Whee? I guess..

When the train arrived it was full and the thermostat was broken

Bummer.

But I was on the right train train at the right time and I did get a seat and there were openable windows and we all got there safely.

Whee!

And that was the end of another successful travelling day.

***

(Yup, I’m off gallavanting again – there are meetings tomorrow and Friday that I want to go to, followed by people I want to visit for the weekend)

On rowing at midnight

I have a rowing machine.

I bought it on a whim when I bought my aquarium. Not necessarily an obvious connection but they were both second hand and being sold by the same family. And I’d already borrowed the van.

It’s not especially good quality. It’s not, according to my brother who actually rows, a bit like real rowing, not even a bit like using a ‘proper’ rowing machine.

I don’t really care. It’s something that fits into my bedroom, something that requires all of my body to work to make it work, something that I don’t have to go anywhere to use. Something I can do by myself, whenever I want to do it.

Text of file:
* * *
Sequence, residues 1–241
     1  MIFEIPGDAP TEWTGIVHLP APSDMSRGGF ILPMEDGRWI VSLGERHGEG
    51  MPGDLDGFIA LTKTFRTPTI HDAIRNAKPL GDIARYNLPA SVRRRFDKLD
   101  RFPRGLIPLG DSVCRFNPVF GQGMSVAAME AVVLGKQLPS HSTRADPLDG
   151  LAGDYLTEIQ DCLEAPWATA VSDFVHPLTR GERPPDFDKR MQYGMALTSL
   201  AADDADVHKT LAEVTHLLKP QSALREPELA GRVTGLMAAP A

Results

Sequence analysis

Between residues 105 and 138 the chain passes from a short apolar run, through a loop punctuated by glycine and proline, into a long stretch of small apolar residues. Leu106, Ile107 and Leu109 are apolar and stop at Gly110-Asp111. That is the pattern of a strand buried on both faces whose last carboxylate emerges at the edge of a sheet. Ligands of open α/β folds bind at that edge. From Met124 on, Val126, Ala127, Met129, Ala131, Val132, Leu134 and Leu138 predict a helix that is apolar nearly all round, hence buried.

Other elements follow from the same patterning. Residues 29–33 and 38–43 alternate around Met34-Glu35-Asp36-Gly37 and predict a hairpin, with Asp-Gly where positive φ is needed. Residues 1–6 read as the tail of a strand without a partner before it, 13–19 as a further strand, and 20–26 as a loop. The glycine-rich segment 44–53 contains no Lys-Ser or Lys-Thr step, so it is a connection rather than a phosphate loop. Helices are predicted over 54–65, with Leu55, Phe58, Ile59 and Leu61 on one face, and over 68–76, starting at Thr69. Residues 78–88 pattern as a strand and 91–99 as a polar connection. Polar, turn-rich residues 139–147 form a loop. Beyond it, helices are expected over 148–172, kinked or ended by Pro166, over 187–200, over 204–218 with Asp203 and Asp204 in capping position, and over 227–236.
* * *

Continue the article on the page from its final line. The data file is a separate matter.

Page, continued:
When I got it a year and a half ago, I started doing a very few strokes per ‘session’, building up until I reached 200, or occasionally 250, depending on how I felt. (people usually row for a set time (or distance) and count the strokes (or time) needed..).

Last year I rowed almost every day until about June. Then I went away and the habit broke. I think it probably ‘helped’ that it was approximately a million degrees here for a lot of the summer and just existing was enough to cause severe sweating.

Between June and November the rowing machine disappeared under several boxes of ‘Things to put on ebay’ and ‘Things to sort through’ and ‘Things I really need to deal with soon’. I probably rowed 5 times.